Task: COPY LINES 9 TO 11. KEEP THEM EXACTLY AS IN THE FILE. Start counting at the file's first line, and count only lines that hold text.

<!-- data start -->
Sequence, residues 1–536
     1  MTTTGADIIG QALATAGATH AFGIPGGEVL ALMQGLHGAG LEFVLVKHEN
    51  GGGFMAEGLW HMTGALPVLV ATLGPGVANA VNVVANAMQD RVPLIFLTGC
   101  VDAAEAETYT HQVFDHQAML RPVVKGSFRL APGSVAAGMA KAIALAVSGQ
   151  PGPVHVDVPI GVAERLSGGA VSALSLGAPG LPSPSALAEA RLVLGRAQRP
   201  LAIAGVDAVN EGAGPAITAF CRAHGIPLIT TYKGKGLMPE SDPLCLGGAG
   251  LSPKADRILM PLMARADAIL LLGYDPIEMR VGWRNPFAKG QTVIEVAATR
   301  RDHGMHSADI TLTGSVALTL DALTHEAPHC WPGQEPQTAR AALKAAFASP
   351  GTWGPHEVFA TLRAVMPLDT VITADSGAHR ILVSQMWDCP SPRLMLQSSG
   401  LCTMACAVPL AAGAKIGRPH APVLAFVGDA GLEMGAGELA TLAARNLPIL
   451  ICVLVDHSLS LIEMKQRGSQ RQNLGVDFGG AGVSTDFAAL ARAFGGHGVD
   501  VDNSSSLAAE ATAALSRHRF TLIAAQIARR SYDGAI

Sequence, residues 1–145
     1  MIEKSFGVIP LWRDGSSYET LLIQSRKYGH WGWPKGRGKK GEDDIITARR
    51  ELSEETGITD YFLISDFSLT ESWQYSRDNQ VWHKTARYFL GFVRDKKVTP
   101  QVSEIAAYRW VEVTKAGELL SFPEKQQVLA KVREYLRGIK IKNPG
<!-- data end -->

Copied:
   351  GTWGPHEVFA TLRAVMPLDT VITADSGAHR ILVSQMWDCP SPRLMLQSSG
   401  LCTMACAVPL AAGAKIGRPH APVLAFVGDA GLEMGAGELA TLAARNLPIL
   451  ICVLVDHSLS LIEMKQRGSQ RQNLGVDFGG AGVSTDFAAL ARAFGGHGVD